Brown Downtown Napa opened in April 2017 in a prime downtown location at the corner of Coombs and First Streets (just down the street from the nearby Archer Hotel and slightly further from the Andaz Hotel). In addition the former Napa Town Center, completely remodeled and re-branded as First Street Napa is next door (featuring 40+ fashion and specialty retailers and restaurants). This is all part of the continued exciting renaissance of downtown Napa – especially following the earthquake damage of August 2014.
This building was purchased in early to mid 2014 by the Beckstoffer Family (prominent grape growers in Napa, Lake and Mendocino Counties). The Napa earthquake hit in August 2014, mere months after their purchase. The building sustained some damage and has since been renovated and restored. The name of the building was renamed to The Beckstoffer Building and was placed in a family trust where it cannot be sold or torn down.
It was built in 1905 and housed the first offices for the Napa Register until 1965. The building has survived three major earthquakes – the 1906 Santa Rosa/San Francisco quake, the 2000 Yountville quake and the 2014 Napa quake. More recently it housed Sushi Mambo (who moved up to Calistoga). Brown Estate was the first tenant in the building since the Beckstoffer’s acquired the property.
While open to the public by walk-in (guests enter from Coombs Street) – due to their somewhat hidden location – most people don’t necessarily find them by walking by on the street. Rather visitor’s find their tasting room through referrals from area businesses, general word of mouth or existing clients. Located on the second floor, one takes an elevator to reach their space. Almost reminiscent of a speakeasy – their tasting room features a somewhat retro feel with both a bar and a lounge area surrounded by brick walls.
In 1980 Dr. Bassett Brown (died 2019) and his wife Marcela located what is a fairly remote (by Napa standards) piece of property in what is now Chiles Valley (one of Napa’s 16 sub appellations located about 20 minutes from the floor of the Napa Valley). They were looking for a place to get away, relax and introduce their children to a more rural lifestyle (at the time they lived in the Los Angeles area). The property needed vision, which they certainly had.
Thousands of bats were living in an old house and the stone and wood barn was in disarray. They remodeled both the barn (dates from 1859) and the Queen Anne Victorian (dates from 1885). Today, looking at the estate and holding a photo taken of the property in 1980, you would not know your standing in the same area. The Browns planted their first 9 acres of Zinfandel in 1985 and sold the fruit for a number of years. In part with encouragement of one of their winery “neighbors” the Nichelini’s and recognizing an increase in demand for their grapes – they decided to produce their own wines. Today 50 acres of vines are planted on the their approximately 450 acre property.
Their first vintage was from 1996 – they made subsequent vintages at Rombauer Winery until they outgrew that space. The winery on their estate property was initially built in 2002 as a production facility – not with the intent of hosting visitors. But as word got out about the quality of the wines (first vintage was their Napa Zinfandel at about 700 cases) and the beauty of their rural location – they adapted part of the facility to host tastings. And while they still selectively see visitor’s at the winery, this downtown space is much more conducive for seeing visitors. Today production varies but has increased to up to 7,500 cases annually.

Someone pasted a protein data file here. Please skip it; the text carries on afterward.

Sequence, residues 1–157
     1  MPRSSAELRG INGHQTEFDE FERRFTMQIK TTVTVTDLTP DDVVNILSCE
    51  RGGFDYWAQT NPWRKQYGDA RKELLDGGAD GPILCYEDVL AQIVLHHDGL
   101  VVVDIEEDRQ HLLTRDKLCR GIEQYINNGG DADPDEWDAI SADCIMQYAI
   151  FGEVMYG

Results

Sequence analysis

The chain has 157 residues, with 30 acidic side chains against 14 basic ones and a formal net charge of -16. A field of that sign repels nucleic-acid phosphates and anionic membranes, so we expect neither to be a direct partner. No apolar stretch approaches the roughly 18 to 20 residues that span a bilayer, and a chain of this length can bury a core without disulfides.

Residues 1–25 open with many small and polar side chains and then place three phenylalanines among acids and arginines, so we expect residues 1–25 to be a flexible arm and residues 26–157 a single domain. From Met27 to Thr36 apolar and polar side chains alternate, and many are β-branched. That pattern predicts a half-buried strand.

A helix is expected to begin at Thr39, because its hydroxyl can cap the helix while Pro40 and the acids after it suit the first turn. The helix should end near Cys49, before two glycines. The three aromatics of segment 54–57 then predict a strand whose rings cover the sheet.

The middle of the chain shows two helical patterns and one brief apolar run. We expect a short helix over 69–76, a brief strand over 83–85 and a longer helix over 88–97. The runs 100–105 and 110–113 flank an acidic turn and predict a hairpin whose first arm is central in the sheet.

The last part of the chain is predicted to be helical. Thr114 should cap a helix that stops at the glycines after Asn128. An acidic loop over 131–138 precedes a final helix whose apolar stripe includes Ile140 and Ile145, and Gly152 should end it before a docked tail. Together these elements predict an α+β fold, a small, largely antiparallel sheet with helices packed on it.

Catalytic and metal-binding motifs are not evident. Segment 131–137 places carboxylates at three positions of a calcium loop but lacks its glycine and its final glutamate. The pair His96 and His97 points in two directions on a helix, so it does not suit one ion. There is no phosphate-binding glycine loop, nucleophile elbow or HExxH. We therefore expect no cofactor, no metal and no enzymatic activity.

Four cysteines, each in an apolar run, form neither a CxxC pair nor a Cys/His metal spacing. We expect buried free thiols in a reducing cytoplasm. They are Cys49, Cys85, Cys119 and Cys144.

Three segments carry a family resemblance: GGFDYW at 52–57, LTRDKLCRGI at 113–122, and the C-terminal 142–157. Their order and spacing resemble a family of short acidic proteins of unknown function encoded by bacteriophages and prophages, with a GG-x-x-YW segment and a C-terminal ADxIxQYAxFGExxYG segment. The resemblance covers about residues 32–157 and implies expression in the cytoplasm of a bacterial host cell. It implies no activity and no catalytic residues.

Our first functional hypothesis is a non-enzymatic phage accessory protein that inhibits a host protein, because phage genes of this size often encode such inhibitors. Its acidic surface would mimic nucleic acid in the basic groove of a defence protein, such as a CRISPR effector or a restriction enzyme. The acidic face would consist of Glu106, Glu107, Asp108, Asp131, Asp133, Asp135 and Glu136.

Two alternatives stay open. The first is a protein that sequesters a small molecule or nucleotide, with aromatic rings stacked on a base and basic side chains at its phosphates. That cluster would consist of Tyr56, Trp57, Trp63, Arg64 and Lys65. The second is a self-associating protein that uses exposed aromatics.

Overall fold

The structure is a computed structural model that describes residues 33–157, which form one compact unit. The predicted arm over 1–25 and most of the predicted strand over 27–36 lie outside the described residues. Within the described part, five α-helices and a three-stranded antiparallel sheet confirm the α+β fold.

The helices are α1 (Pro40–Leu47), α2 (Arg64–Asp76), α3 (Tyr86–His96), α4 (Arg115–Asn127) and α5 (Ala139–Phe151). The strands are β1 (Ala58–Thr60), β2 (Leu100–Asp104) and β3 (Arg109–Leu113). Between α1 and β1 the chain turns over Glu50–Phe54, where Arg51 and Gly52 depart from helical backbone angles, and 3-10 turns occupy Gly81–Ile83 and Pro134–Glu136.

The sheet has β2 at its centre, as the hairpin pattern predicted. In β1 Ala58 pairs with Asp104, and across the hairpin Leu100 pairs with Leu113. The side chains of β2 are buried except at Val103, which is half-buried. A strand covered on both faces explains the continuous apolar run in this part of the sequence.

They offer several tasting experiences downtown including two Introduction Flights – where guests choose to taste several of their most often distributed wines – or a Zinfandel only tasting. Their Lounge Tasting is available by prior appointment. Because they are open later (until 7pm with the last tasting offered at 530pm), this makes an excellent pre-dinner stop.
Our tasting focused on Zinfandel – the Mickey and Rosemary blocks of their vineyard are named after Marcela’s brother Mickey and his wife Rosemary – Marcela originally stayed with them after moving from Panama to the United States.
The 2015 Rosemary’s Block Zinfandel shows bright aromatics – at times alternating between smokiness and earthiness with notes of cedar. Somewhat floral as it continues to open. Like the other two Zinfandels we tried, shows a slight perceptible sweetness on the palate. Very balanced on the palate showing more red higher toned fruit flavors then darker fruits. Fairly soft across the palate and features well integrated tannins.
The 2015 Mickey’s Block Zinfandel sees the same barrel aging program as the Rosemary’s Block – 50% French Oak, 50% American Oak of which 1/3 of the total is new. Some earth nuances on the bouquet but mostly ripe fruit – especially blackberry. A depth of flavor shows with riper characteristics then the Rosemary’s Block. Rounded mouth feel anchored by long lasting ripe tannins.
Sometimes they call these two wines the Yin and Yang of their Zinfandel production. The Rosemary’s block grows in a an east to west orientation and receives quite a bit of shade – especially from old oak trees that line parts of this vineyard. In contrast, the Mickey’s Block is grown more south to north and receives quite a bit more sunshine and often producers a richer styled wine.
The 2015 Chiles Valley Zinfandel shows a variety of intriguing spices on the bouquet including vanilla, cardamom, toasted cedar and some notes of chocolate. Fairly dark in the glass. Plenty of fruit to, including ripe blackberry. Layered on the palate, shows good acidity and depth of flavor. A blue fruit component. Features long lasting, somewhat dry and robust tannins. Very good acidity.
For more information and to schedule an appointment, please visit: www.brownestate.com/visit